Leading academics have savaged right-wing historian David Starkey's post-riot comments about race in which he said the problem was "whites have become black".
Leading academics have savaged right-wing historian David Starkey’s post-riot comments about race in which he championed Enoch Powell and said the problem was “whites have become black”. In a letter to the Times Higher Education magazine, more than 100 historians have asked the BBC to cease describing Dr Starkey as a “historian”, saying he is “ill-fitted” to pontificate under that title.
The signatories, who include Paul Gilroy, professor of social theory at the LSE; Steven Fielding, professor of political history at Nottingham; Richard Grayson, professor of 20th-century history at Goldsmiths; Tim Whitmarsh, professor of ancient literatures at Oxford; and scholars from Harvard, Winnipeg in Canada and Jawaharlal Nehru University in India, write:
“His crass generalisations about black culture and white culture as oppositional, monolithic entities demonstrate a failure to grasp the subtleties of race and class that would disgrace a first-year history undergraduate.
“In fact, it appears to us that the BBC was more interested in employing him for his on-screen persona and tendency to make comments that viewers find offensive than for his skills as a historian. In addition to noting that a historian should argue from evidence rather than assumption, we are also disappointed by Starkey’s lack of professionalism on Newsnight.
“Instead of thoughtfully responding to criticism, he simply shouted it down; instead of debating his fellow panellists from a position of knowledge, he belittled and derided them. On Newsnight, as on other appearances for the BBC, Starkey displayed some of the worst practices of an academic, practices that most of us have been working hard to change.”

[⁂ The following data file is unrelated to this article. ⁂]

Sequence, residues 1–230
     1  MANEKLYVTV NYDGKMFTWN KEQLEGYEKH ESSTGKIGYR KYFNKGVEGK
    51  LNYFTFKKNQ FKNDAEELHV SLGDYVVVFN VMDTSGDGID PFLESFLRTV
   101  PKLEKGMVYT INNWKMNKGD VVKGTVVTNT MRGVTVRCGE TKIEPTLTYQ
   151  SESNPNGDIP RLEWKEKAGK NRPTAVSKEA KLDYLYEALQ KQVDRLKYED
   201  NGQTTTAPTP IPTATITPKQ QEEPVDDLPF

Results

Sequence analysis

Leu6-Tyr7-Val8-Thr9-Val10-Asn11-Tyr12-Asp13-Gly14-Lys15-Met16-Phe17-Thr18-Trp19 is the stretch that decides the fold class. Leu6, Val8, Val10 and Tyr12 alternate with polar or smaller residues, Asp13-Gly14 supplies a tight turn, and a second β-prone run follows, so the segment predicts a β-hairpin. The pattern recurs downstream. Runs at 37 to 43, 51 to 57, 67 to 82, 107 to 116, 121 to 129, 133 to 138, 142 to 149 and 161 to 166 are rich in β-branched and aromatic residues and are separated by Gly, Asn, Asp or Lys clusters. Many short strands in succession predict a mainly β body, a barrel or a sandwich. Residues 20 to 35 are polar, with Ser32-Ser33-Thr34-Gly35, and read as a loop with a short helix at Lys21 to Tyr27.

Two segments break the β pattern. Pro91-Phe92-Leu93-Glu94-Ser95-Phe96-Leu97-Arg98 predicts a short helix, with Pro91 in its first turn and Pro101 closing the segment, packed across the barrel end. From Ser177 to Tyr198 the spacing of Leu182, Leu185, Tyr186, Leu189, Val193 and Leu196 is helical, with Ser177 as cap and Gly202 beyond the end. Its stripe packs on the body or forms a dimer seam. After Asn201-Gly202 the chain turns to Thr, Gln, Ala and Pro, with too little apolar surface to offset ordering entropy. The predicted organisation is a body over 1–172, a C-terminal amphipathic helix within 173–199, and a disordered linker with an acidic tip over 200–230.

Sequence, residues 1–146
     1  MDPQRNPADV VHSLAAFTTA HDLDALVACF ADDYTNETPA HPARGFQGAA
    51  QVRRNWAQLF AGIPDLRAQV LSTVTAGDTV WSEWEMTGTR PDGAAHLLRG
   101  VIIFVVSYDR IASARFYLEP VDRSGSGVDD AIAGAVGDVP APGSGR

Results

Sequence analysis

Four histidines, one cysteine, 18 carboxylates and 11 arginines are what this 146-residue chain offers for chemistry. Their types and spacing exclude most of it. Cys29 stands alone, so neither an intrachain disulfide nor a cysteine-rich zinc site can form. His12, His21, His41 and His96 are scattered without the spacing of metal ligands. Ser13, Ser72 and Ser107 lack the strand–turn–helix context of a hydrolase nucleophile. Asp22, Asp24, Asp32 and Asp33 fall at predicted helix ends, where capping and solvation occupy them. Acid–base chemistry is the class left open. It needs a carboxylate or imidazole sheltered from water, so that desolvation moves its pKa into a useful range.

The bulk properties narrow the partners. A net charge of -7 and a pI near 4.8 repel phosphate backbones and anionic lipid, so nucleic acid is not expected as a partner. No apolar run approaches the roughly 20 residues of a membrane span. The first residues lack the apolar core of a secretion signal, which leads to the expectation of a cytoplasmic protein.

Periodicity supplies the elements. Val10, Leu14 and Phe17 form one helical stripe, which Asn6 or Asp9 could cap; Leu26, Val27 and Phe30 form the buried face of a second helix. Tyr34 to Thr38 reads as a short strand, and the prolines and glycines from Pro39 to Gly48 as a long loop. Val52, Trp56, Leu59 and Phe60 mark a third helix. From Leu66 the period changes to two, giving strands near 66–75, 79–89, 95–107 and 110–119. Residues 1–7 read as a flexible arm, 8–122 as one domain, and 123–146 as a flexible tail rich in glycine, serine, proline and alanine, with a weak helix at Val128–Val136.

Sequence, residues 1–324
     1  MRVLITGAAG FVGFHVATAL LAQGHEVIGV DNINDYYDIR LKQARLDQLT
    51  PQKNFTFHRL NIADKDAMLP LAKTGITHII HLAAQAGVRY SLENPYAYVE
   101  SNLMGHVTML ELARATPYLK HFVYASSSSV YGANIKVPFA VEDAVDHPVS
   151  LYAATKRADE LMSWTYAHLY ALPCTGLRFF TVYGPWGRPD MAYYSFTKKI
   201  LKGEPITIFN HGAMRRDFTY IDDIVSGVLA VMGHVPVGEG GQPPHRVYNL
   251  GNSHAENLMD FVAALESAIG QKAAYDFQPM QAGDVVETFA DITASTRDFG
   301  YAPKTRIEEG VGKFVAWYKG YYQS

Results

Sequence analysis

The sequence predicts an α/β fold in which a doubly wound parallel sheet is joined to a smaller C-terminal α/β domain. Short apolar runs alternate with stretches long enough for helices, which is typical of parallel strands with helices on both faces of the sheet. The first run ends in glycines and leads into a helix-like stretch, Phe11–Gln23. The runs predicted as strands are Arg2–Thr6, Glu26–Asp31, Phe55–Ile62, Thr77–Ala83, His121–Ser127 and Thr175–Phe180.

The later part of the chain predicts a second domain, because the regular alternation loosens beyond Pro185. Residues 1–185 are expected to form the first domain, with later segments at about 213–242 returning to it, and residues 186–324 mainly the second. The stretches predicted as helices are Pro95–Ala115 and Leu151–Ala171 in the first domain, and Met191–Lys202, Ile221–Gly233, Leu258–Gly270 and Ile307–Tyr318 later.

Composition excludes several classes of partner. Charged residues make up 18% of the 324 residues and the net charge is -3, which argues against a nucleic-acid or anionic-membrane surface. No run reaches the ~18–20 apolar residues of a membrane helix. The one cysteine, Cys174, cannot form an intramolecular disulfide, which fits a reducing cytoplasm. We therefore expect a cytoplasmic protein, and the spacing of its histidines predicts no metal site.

“In our opinion, it was a singularly poor choice… The poverty of his reductionist argument… reflected his lack of understanding of the history of ordinary life in modern Britain. It was evidentially insupportable and factually wrong.
“The problem lies in the BBC’s representation of Starkey’s views as those of a ‘historian’, which implies that they have some basis in research and evidence: but as even the most basic grasp of cultural history would show, Starkey’s views as presented on Newsnight have no basis in either.”
Owen Jones, the leading left wing author left dumbfounded by Starkey’s remarks on Newsnight, had described him as “like Enoch Powell meets Alan Partridge”; as Left Foot Forward’s Daniel Elton wrote of Starkey:
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“Such an outlook is historically and cultural ignorant. It may be not too far to suggest that it is wicked and has the capacity to be incredibly destructive. And anyone who espouses it should be ashamed of themselves. Starkey would do well to listen to the petitioners and apologise.”